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Old 09-17-2001, 08:07 AM   #1
Dezoris
 
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Shocks and struts, tech topic.

There is a misconception that shocks absorb the bumps, and dips on the road, well here is some info to clear up the mystery as to what, makes springs and shocks do what they do.

"In reality, the springs carry the load of the car and regulate the suspension's reaction to any bumps or dips in the road. They're the ones that really absorb the shocks. The shock absorbers time the spring's reaction by changing kinetic energy (the spring moving up and down) into thermal energy (the heat built up as the shock's oil passes through the various pistons and valves)." Grassroots

Springs mange the cars weight and road conditions, Shocks control the spring loading and unloading of the springs motion, or absorbtion of the springs movement.

Since the shocks are damping the springs, technically shock absorbers should be called dampers. Struts and shocks are a catch all name for dampers. The main difference in struts and shocks is shocks do strict damping, and springs do load bearing.
Macpherson strut setups the strut assembly load bears and dampens the spring.



So the 5th and 6th gen Civics have double wishbone at all fours wheels using the coilover shock method.
The 2k1 Civics have redesigned Macpherson strut setup (in the front) which uses longer tie rods than conventional Macpherson strut setups of lets say 80% of cars, this is good because under extreme cornering, your typical strut setup tends to go into postive camber, which means you loose grip, and handling. The bad news is they redesigned it saying "this strut setup behaves more like the double wishbone setup" So while they improved the Macpherson setup, they still went backwards from the previous front Shock setup.

So the reason car companies use strut setups is obvious with the new Civic, it creates more room up front (seating, flooring) and for the engine bay to be smaller, not to mention it is cheaper.

Ever wonder why cars that are stock come with sway bars?
Well honestly it is cheaper for companies to do it.
They reduce body roll, with the bars, this enables them to have lower spring rates (softer) and softer shocks, and no one is any the wiser.

So If you have upgraded Shocks and springs it reduces your need for anti-sway bars, in fact if you add them (or put thicker ones in)you can actual reduce your grip, because it is pulling the load/transfering it to reduce roll which is exactly the opposite of what you want, with new shocks and springs.
I made this mistake with my Bilstein/Neuspeed Coilovers. I put a 30mm front sway bar on which is double the thickness of the stock one and all it did was unstick my front tires in hard manuevers. keep it in mind.

Quote:
ok..so when do u need adjustable shock/struts and non adjustible lets say w/ my drop of 2 1/2??

If you are talking adjustable shocks, meaning, stiffness settings?
Well lets look at this, to be honest The Koni sports, The Tokico Illuminas, and the KYB adjusatble shocks are great, if you want some control, but remeber you can only adjust rebound, and not compression,(except the tockico, which is single adjustable while adjusting both rebound, and compression) so really if you are concerned about getting the best shocks, those are some of the best out of the box shocks. If you want to get serious for racing, most everyone has these shocks re-valved or converted into double adjustable or triple adjustable.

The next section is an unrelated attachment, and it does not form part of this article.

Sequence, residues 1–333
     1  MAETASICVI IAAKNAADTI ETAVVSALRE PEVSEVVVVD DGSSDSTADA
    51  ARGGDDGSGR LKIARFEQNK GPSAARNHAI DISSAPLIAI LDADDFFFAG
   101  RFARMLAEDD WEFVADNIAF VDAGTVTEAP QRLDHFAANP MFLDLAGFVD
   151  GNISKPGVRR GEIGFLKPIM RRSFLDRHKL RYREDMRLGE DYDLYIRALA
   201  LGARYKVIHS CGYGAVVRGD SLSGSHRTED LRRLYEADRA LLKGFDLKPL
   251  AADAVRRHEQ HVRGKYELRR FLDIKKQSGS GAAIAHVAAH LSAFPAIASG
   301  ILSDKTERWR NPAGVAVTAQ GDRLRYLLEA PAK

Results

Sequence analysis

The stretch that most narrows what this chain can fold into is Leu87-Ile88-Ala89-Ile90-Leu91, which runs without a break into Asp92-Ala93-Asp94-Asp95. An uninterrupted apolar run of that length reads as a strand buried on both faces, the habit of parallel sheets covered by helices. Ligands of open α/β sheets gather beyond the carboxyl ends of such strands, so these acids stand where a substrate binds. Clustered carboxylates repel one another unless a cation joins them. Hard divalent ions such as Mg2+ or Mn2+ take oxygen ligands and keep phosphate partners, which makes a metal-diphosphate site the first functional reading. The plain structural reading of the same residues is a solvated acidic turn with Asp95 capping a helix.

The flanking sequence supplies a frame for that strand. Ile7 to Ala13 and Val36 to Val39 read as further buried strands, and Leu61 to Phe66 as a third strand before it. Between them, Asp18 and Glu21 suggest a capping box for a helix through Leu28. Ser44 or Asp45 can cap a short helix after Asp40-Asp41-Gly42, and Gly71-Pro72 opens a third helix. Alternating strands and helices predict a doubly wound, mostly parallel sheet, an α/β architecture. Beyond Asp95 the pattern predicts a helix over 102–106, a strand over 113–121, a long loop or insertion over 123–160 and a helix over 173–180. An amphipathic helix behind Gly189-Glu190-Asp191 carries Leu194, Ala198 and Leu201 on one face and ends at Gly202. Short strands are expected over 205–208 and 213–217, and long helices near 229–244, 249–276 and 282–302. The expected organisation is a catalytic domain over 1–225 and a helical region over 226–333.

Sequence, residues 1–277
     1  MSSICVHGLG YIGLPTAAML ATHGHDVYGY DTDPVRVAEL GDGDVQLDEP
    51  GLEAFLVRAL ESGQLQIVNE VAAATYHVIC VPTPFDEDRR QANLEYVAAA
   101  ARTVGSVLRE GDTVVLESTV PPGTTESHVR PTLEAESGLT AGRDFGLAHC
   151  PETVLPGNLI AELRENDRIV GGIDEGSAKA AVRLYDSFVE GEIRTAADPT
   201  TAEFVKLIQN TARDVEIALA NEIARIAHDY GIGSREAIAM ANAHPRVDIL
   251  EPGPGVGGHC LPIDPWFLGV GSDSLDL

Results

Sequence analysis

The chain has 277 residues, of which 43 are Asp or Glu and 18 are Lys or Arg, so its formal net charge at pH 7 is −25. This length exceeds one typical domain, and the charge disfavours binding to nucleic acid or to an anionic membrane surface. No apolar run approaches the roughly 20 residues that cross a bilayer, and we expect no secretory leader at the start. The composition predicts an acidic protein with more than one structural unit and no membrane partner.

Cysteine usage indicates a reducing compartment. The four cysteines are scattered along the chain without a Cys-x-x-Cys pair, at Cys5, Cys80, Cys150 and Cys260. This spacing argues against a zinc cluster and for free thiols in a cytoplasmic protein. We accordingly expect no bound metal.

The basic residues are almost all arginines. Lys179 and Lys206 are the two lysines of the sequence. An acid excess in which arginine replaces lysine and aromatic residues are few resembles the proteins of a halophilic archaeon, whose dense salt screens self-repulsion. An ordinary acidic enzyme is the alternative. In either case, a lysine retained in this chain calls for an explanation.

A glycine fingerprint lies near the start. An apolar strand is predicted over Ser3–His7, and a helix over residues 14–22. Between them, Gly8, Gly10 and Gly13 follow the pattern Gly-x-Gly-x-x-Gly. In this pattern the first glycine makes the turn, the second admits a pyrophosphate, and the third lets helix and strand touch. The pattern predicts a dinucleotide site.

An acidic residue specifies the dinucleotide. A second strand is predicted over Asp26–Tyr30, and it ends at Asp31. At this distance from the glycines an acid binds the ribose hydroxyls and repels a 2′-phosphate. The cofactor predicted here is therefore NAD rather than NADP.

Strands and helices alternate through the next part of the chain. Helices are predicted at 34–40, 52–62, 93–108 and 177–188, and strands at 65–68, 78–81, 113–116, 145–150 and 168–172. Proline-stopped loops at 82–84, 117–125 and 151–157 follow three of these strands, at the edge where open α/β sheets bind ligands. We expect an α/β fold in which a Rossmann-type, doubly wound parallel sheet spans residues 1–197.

Rebound and compression.

You never really need adjustable shocks, now of course if you have race springs, then you are going to need an agressive shocks like the those. But really, as long as you get a sport shock, to mate sport springs you will have better performance.

Quote:
so what about when you have a drop on stock shocks...what happens?
See the OEM shocks are designed for the rated springs that come with them, the reason it is a big no no to do springs on stock shocks is namely because aftermarket springs are
1.)Stiffer, which causes shocks to do double/triple the work, which the shock was not designed for. Namely the oil in the shock gets too bubbly etc. and does not do its job.
2.)shorter than stock which means the stock shocks haves less travel, which can be dangerous, on quick manuevers, when the cars suspension can bottom out, causing dangerous conditions.

If you see an accident comming you want an out. Also these conditions can interfer with ABS systems which is another reason it is dangerous, not that most of us have that on our cars.


Quote:
Why do you need to cut bumpstops? On suspension?
most shocks re-use the stock bumpstops because they are good for most apps, some require cutting because, the shocks may have more travel, on the compression stroke and the stock bumpstops are too long, so cutting them down is just a requirement for certain shocks, also many kits come with calculated bumpstops beacuse, the stock ones can be too short. The fear of no bumpstops is the suspension bottoming out. Which the bumpstops prevent. Some setups use calculated bumpstops, usually with kits that do not have to be cut, and are designed for that application.


Let the debate begin!

some info pulled from Grassroots motorsports.com
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Old 11-27-2001, 01:48 PM   #2
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Excellent post Dezoris! Tons of good info in it. ::
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Old 12-11-2001, 09:12 AM   #3
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outstanding column!!!!!
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Old 12-11-2001, 09:24 AM   #4
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great article!
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Old 10-09-2002, 08:50 AM   #5